Facebook’s tough year grows tougher in the midst of Times investigation

In case you weren’t already incredibly interested and invested in Facebook’s battle not only against Fake News but also in how they were combating foreign attacks on our elections, the New York Times published an irresistibly salacious and astounding story on how Facebook executives from Mark Zuckerberg and COO Sheryl Sandberg handled the discovery of Russian attacks on the platform and the 2016 Presidential Election.

Now the election story has been discussed at length. Facebook found some stuff out, apparently had horrible internal communication about the breadth of the problem, and then eventually it came out that Russian trolls and likely the Russian state itself had reached millions of users on Facebook.

Perhaps the largest takeaway from the Times reporting was that Facebook hired and then after the Times story ran fired a PR firm named Definers Public Affairs. The group is a Washington based agency that by all accounts began a campaign to muddy the waters of Facebook’s problems by dragging Google and Twitter into the mix. By the way, this completely worked.

The report itself specified how this happened. Definers has a news website affiliate called the NTK Network. The network itself published dozens of posts that took shots at Apple and its CEO Tim Cook. Including a story that chastised Cook for his criticism of Facebook of its privacy. More stories played up Google’s role in the election and played down the impact of Russians’ use of Facebook.

Again, if it’s unclear of the impact of this story, it clearly implicates Facebook in causing the very problem that they’re working to solve. The very problem they’ve been telling everyone they’re working to solve. The very conspiracy theories that they’re working on one hand to solve, they’re causing through a PR firm they pay. While this site has a smaller audience base, the articles would eventually get picked up by Breitbart and other provocative news outlets that reach a much wider audience. The stories were pushed to a network of conservative websites.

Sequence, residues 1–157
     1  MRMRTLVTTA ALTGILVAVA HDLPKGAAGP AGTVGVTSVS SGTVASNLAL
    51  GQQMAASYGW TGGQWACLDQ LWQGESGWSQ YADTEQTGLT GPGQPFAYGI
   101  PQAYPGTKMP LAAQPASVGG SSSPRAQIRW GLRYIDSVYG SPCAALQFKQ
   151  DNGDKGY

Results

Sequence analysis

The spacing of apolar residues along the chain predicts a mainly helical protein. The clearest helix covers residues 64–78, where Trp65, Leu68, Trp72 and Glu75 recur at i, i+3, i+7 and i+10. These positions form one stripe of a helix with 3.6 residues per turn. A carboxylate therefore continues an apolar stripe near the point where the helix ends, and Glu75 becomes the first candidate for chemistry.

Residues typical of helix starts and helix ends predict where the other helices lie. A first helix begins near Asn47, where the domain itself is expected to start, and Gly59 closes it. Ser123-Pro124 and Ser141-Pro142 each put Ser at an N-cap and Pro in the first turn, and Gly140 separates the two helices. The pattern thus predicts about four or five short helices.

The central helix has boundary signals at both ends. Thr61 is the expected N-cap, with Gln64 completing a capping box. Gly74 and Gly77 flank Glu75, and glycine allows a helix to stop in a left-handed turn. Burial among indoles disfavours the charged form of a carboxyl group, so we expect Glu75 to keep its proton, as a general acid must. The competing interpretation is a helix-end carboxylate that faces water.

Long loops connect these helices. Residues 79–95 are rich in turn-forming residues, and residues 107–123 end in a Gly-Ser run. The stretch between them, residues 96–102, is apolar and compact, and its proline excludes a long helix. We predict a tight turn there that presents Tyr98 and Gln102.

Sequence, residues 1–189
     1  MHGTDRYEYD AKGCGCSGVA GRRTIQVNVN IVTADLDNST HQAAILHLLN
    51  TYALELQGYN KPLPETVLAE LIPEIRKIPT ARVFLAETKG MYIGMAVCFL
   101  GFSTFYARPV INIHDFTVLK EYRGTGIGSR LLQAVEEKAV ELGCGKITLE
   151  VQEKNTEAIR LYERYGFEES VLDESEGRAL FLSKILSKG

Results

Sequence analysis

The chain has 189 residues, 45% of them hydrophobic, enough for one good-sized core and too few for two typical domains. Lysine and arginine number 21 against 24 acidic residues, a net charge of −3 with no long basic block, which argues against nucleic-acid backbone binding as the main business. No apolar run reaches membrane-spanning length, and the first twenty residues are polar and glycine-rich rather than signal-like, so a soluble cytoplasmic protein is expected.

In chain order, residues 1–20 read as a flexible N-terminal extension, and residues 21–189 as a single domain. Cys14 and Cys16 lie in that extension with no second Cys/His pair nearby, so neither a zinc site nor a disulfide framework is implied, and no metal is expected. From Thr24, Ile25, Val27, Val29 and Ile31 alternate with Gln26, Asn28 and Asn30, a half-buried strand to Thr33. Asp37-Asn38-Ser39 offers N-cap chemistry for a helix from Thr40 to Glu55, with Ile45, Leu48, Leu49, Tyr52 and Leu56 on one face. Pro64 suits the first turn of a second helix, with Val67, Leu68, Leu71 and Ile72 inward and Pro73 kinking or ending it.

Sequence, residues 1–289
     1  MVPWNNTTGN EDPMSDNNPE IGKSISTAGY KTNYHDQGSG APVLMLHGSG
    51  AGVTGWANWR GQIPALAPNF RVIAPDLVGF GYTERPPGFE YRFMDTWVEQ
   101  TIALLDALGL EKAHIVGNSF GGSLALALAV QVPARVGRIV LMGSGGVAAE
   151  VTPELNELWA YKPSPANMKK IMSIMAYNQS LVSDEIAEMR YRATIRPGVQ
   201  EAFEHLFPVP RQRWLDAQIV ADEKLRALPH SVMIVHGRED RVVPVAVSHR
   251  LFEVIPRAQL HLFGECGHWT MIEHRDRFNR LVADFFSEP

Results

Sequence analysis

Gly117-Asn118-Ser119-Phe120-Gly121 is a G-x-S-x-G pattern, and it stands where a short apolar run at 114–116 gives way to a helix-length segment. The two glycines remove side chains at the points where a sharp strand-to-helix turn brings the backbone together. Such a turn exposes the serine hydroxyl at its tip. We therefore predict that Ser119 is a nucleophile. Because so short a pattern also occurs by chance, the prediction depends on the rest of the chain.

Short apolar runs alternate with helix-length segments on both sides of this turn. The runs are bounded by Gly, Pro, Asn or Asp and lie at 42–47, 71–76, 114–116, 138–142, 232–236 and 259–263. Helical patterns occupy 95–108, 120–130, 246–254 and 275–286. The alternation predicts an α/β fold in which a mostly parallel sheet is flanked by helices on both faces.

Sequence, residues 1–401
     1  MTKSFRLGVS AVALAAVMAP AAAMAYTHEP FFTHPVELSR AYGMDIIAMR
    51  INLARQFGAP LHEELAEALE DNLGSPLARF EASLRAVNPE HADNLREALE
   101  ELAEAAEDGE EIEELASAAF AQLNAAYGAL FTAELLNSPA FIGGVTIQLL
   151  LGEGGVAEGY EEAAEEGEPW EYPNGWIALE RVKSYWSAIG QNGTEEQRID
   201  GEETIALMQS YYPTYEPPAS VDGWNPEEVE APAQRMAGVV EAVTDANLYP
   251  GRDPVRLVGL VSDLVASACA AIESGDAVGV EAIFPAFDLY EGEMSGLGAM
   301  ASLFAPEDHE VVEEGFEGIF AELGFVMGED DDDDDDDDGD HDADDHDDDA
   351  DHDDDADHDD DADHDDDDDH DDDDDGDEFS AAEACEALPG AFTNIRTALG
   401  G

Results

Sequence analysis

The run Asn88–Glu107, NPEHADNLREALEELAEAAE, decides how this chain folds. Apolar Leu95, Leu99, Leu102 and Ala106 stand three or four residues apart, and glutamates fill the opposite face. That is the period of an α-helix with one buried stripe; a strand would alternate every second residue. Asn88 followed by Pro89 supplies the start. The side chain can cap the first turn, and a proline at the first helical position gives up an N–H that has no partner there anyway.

One of the more damning aspects to the story was that Definers was a key part of circulating a document that made attempts to tie a prominent anti-Facebook group and George Soros. The effort to group Soros and liberal causes is used by many in the alt-right and conservative groups for anti-Semitism.

After the story came out Facebook did release a blog post wherein they ended their contract with Definers. They clearly addressed the stories written on Facebook’s behalf by saying “the New York Times is wrong to suggest that we ever asked Definers to pay for or write articles on Facebook’s behalf — or to spread misinformation. Our relationship with Definers was well known by the media — not least because they have on several occasions sent out invitations to hundreds of journalists about important press calls on our behalf. Definers did encourage members of the press to look into the funding of “Freedom from Facebook,” an anti-Facebook organization.”

Definers featured a Silicon Valley outpost that was led by Tim Miller. If you’re not familiar with Miller, he’s a former Jeb Buch spokesman who has risen to prominence by his never-Trump status in the media. Ultimately leading to a job with Crooked Media. According to the Times story, Miller said that when privacy issues come up Facebook is more than happy to “muddy the waters”.

Facebook answered the questions on a call with reporters after the story was published saying that Sandberg and Zuckerberg had no idea the Definers was even employed by Facebook. Which brings about the classic question, is it better to know and allow something of this nature, or be naive and unaware that your company was in the midst of these questionable actions?

In all likelihood, Zuckerberg and Sandberg could have really not known the name of Definers. But a simple directive to help shape a narrative around Facebook’s effort to combat fake news could have very well resulted in something like Definers being hired and directed to “muddy the waters”.

Facebooks firing of Definers immediately after the story came out tells use quite a bit about their problematic relationship with the company. It shows yet another example of the breadth of problems that Facebook is facing and how they’re handling them internally. This story isn’t finished yet and how Washington handles the latest set of accusations hurled towards Facebook will be something to watch

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